At the behest of his FBI handlers, Matthews—a wire often down his pants and a pistol in his shoulder holster—traveled across the country with Posey and others, attending dance parties with the Ku Klux Klan, selling weapons at truck stops and gas stations, sitting in church pews with would-be abortion-clinic bombers, and becoming a regular at gun shows and in paramilitary compounds. Extremist leaders were his frequent guests, sometimes staying the night, and hosted him when he traveled from home. “That’s how well trusted I was. We was one big happy family,” Matthews recalls. . . .
The suspected TRM member brought along a Vietnam veteran called Dave, an unremarkable-looking man in a green bomber jacket, fashionable among skinheads at the time. Matthews recalls that they met in a small, musty hotel room on the outskirts of the city, and for a few hours kicked back and talked about the movement. Posey went on about the New World Order, which to extremists like him meant the threat of global takeover by an assortment of international organizations including banks, the United Nations, and other elite institutions. Dave said he was the leader of a group of armored-car robbers who were using the proceeds of their exploits to fund the movement. “We were feeling each other out,” Matthews says. “[Dave] let us know there was money available."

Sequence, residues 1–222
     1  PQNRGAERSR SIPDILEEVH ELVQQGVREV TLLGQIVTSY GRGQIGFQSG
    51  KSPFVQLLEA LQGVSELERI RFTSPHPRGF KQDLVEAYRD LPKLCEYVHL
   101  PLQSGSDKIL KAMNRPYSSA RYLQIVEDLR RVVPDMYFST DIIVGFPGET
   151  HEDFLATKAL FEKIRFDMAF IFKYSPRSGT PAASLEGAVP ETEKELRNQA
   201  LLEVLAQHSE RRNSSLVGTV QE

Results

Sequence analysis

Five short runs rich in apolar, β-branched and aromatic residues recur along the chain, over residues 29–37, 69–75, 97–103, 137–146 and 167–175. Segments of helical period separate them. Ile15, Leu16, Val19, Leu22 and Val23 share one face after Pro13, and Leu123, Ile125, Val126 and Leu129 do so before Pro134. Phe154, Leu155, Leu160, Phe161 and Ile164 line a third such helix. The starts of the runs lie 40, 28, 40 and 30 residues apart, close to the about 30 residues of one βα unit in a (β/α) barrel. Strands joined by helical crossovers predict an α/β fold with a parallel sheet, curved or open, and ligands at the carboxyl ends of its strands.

"Dave" proved to be an undercover FBI agent, and that would heighten Posey's legal problems. First, Posey sold "Dave" military-issued night-vision goggles (apparently stolen). Posey boasted that he could get "Dave" several Stinger missiles, worth $40,000 apiece. And Posey revived a plan to rob the Browns Ferry armory in Alabama and take out gas and power lines nearby.
On Sept. 9, 1993, FBI agents arrested Posey on charges related to the Browns Ferry plot. That led to a trial, with Matthews involved: